How can I estimate the minimum runway needed to take off with a hang glider?

New Alexandria
  • How can I estimate the minimum runway needed to take off with a hang glider? New Alexandria

    I'm interested in short, or trick, take-offs - such as from platforms, tall trees, etc.

    I think that I should have

    This will let me add to my intuition from regular launches (from sites with known-good launch conditions), and estimate how much velocity I need to add via a run / push.


    The methodology to count the wind measure seem a bit more grey, right now.

    I can have a sense of the wind where I am, but it may quickly change beyond my launch site. Since I'm considering how to launch from a stationary position, it would be good to feed my senses / calculations more data like this.

  • What you need is enough lift to remain in the air. For that, the maximum lift of your hang glider needs to exceed the total weight.

    When you know the total weight of the glider (you included), you can derive the theoretical minimum airspeed from the lift formula:

    $$L_{max}=\frac12{\rho}V^2C_{max}S$$ $$V_{min}=\sqrt{\frac{2W}{{\rho}C_{max}S}}$$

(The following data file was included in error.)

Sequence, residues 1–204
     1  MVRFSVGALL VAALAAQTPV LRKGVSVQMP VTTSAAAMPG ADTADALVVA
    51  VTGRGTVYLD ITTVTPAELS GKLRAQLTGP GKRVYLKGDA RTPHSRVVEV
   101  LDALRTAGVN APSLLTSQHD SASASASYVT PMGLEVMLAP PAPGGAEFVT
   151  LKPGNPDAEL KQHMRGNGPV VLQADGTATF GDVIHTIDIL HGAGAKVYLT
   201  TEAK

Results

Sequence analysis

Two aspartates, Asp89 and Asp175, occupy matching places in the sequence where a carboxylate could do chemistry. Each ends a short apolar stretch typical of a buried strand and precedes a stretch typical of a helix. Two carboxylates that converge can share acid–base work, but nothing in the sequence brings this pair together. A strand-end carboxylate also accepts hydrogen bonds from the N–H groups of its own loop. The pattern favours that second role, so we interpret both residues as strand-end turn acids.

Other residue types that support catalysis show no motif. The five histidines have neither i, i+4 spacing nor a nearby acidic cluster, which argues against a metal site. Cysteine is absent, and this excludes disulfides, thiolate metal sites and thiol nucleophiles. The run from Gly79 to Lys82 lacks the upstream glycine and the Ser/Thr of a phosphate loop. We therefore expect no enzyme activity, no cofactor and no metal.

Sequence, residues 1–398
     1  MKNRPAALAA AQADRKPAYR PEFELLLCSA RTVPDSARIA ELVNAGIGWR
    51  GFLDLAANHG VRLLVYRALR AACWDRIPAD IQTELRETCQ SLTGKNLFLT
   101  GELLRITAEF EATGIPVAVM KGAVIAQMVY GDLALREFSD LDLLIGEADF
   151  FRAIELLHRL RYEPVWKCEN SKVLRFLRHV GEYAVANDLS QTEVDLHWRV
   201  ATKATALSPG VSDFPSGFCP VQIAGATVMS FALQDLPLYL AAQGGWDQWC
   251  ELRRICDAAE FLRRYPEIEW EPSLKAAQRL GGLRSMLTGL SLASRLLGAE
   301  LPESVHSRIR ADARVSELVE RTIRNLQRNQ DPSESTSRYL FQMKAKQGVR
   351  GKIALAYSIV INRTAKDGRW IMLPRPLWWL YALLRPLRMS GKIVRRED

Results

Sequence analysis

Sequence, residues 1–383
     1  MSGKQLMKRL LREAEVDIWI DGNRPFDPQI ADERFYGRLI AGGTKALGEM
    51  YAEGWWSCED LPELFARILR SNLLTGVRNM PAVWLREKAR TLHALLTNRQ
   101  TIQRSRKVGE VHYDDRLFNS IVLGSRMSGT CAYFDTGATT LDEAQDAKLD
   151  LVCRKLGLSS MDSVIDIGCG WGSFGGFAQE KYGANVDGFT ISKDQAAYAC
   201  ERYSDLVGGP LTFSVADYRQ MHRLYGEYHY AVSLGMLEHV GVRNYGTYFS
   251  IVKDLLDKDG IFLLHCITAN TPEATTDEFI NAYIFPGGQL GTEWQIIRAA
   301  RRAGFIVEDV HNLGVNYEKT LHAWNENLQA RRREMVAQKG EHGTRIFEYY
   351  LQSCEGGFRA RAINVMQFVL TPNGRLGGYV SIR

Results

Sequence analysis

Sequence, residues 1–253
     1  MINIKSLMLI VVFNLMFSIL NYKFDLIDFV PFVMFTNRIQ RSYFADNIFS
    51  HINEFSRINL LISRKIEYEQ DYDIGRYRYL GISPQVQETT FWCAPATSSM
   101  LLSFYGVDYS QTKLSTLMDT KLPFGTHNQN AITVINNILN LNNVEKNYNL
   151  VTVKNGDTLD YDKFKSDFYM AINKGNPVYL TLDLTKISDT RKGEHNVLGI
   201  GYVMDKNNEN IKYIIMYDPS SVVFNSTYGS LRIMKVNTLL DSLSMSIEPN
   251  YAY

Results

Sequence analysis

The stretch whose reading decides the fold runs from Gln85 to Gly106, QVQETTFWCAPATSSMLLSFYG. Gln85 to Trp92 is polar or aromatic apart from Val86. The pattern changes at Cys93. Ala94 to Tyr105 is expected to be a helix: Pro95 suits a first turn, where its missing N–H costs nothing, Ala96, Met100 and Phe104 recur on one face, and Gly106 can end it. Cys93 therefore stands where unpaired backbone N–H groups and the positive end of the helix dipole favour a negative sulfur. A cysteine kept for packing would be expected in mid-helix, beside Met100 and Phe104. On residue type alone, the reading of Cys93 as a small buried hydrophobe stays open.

Where:

    • $L$ = lift
    • $\rho$ = air density
    • $V$ = air speed
    • $C_{max}$ = maximum lift coefficient
    • $S$ = wing surface
    • $W$ = weight

    Now you have to know your maximum lift coefficient. Suppose this is 1.2, and for safety and initial manoeuvring, let's add a margin of 40% to the weight.

    Let's say your mass is 85 kg, and the glider has a mass of 35 kg. The total weight would be 120 kg — that is about 1,177N weight, which for the sake of safety margin is increased to 1,650N.

    I'll estimate the surface of the wing to be $16m^2$. Assume a normal day, the air density will be about $1.225kg/m^3$.

    Filling in the numbers is the formula:

    $$V_{min}=\sqrt{\frac{2\times1,650}{1.225\times1.2\times16}}$$

    Any wind speed you get you can subtract from this figure: what is left you have to achieve by pushing, running or diving.

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